Freddy Got Fingered is the next step in the evolution of the gross-out comedy. For the first time, all the horrible jokes meant for repulsion in Say It Isn't So, Me, Myself & Irene, Tomcats, Monkeybone, and Joe Dirt have been concentrated into one 90-minute movie and brought to a celluloid life in beautiful color. I only mention the celluloid and color because the families of the inventors who created those cinematic devices should sue Tom Green for misusing them in Freddy Got Fingered.

This film owes a great deal to Paul Morrissey, John Waters, Luis Buñuel, and Salvador Dali, all of whom have worked surrealism in film to an art. Their works can be held as comparable to their realism counterparts like Vittorio de Sica and Roberto Rossellini (with some exceptions in the Morrissey and Waters filmographies). Tom Green's work, on the other hand, cannot. It is lewd, crude, obnoxious, disturbing, disgusting, ghastly, sickening, unsettling, disquieting, distressing, and intolerable -- Freddy Got Fingered is the Battlefield Earth of comedies.

Green is Gord Brody, an Oregan twentysomething living life in his parent's basement like he's still a teenager. When he finally decides to move out and heads to L.A. aspiring to be an animator, his father (Torn) is joyous: Gord has finally grown up. But that does not last long -- nor do we really believe he's grown at all considering some of the actions he does within the first 15 minutes of the film -- and heads back home, much to the chagrin of his father.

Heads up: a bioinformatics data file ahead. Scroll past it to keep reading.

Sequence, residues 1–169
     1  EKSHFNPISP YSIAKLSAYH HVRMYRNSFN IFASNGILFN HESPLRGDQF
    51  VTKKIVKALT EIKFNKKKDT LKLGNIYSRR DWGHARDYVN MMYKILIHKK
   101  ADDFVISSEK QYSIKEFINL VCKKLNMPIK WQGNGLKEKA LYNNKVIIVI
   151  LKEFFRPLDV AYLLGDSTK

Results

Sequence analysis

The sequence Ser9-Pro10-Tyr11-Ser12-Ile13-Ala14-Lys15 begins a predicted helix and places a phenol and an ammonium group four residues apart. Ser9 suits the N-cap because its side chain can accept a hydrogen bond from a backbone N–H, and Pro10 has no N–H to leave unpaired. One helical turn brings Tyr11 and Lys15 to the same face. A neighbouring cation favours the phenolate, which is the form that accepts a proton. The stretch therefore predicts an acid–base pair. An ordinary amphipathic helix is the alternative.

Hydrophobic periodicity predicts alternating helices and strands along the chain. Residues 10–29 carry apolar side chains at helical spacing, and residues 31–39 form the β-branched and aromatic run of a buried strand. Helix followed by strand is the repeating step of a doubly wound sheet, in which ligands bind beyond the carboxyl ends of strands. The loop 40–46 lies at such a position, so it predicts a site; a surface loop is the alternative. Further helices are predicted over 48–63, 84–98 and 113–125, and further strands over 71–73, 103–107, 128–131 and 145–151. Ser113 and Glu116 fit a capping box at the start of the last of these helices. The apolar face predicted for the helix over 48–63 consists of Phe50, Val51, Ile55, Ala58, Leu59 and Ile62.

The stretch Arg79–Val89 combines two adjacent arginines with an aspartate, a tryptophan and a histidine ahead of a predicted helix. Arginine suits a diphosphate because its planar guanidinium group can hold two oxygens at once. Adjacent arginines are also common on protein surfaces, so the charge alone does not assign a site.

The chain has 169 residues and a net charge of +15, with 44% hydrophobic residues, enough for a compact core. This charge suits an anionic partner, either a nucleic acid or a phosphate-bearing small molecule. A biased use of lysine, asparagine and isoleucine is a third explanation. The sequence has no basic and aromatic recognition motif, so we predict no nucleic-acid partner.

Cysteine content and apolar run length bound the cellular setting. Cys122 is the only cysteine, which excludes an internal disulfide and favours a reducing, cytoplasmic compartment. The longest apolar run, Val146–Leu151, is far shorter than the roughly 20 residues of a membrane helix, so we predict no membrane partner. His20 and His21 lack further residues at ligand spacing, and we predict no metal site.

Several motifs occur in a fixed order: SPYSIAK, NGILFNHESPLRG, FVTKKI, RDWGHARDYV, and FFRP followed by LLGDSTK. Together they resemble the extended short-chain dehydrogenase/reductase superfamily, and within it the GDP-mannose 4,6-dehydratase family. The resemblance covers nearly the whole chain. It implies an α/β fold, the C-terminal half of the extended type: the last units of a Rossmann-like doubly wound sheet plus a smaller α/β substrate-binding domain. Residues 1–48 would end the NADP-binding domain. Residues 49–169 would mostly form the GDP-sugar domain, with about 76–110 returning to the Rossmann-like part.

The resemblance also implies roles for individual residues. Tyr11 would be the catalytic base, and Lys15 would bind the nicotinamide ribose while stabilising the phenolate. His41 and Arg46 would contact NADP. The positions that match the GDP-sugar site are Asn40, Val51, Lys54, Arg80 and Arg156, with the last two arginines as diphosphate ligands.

There are some other little stories -- Gord falls for a paraplegic named Betty (Coughlan) who gets sexual stimulation from Gord caning her paralyzed legs and yearns for oral sex, and he also accuses his father of "fingering" his younger (24-year-old) brother Freddy (Thomas) -- but none of this really has any rhyme or reason to the story. Most everything in Freddy Got Fingered is meant as a jumping point for Green to do something unsavory for a laugh. Oh, and trust me, he does some unsavory things, though the laughs don't follow.

If you want to catch this film with a clean slate, don't read this paragraph, but if you still think you might see it but want to know what I mean by lewd, keep going. In this film Tom Green pulls his car over and masturbates a horse; this ability is later used as a weapon when wanting to shoot his father with elephant semen; he licks the open wound of a friend when he falls and breaks his leg; he skins the carcass of a recently killed deer on the highway and proceeds to wear the bloody pelt; and he delivers a baby, cuts the umbilical cord with his teeth, and then waves the bloody child over his head like a lasso. This film gives new meaning to the joke synonym 'gag.'